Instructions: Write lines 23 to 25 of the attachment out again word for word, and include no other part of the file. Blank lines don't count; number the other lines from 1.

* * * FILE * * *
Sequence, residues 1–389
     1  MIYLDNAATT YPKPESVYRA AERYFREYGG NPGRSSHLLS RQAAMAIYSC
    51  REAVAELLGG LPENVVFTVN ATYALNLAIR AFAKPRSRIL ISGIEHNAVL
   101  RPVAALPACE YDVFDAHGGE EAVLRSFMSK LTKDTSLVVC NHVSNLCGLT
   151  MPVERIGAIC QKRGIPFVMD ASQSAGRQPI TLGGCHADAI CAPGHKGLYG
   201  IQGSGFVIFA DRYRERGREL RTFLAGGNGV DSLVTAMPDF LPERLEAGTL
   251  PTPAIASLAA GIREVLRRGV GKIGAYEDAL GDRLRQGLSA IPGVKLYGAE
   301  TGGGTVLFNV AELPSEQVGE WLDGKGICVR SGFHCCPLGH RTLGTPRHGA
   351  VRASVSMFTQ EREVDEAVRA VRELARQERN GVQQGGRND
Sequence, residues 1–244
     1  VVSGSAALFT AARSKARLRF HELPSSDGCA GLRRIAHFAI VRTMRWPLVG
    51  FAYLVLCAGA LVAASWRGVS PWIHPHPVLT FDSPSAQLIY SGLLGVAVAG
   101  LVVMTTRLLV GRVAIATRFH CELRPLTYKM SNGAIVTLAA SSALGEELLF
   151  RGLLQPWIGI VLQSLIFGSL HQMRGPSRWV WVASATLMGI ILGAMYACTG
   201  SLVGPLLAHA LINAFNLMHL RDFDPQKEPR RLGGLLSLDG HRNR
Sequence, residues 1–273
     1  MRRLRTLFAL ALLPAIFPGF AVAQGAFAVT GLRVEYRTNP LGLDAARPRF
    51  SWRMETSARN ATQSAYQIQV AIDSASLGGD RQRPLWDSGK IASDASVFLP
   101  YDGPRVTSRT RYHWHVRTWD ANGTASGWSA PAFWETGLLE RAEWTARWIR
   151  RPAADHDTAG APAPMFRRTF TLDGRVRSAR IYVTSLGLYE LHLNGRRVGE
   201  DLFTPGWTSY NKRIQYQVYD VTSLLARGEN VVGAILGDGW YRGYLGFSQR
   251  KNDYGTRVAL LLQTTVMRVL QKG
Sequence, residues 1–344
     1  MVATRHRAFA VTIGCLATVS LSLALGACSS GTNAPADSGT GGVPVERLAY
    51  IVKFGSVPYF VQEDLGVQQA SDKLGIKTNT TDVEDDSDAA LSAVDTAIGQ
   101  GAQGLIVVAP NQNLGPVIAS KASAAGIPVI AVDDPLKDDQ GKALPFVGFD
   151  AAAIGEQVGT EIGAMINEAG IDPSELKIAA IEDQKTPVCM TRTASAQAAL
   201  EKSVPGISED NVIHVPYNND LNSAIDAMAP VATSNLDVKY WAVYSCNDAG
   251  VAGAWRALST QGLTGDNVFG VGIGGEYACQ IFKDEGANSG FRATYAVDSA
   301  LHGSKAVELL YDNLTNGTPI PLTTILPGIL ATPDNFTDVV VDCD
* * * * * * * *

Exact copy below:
Sequence, residues 1–344
     1  MVATRHRAFA VTIGCLATVS LSLALGACSS GTNAPADSGT GGVPVERLAY
    51  IVKFGSVPYF VQEDLGVQQA SDKLGIKTNT TDVEDDSDAA LSAVDTAIGQ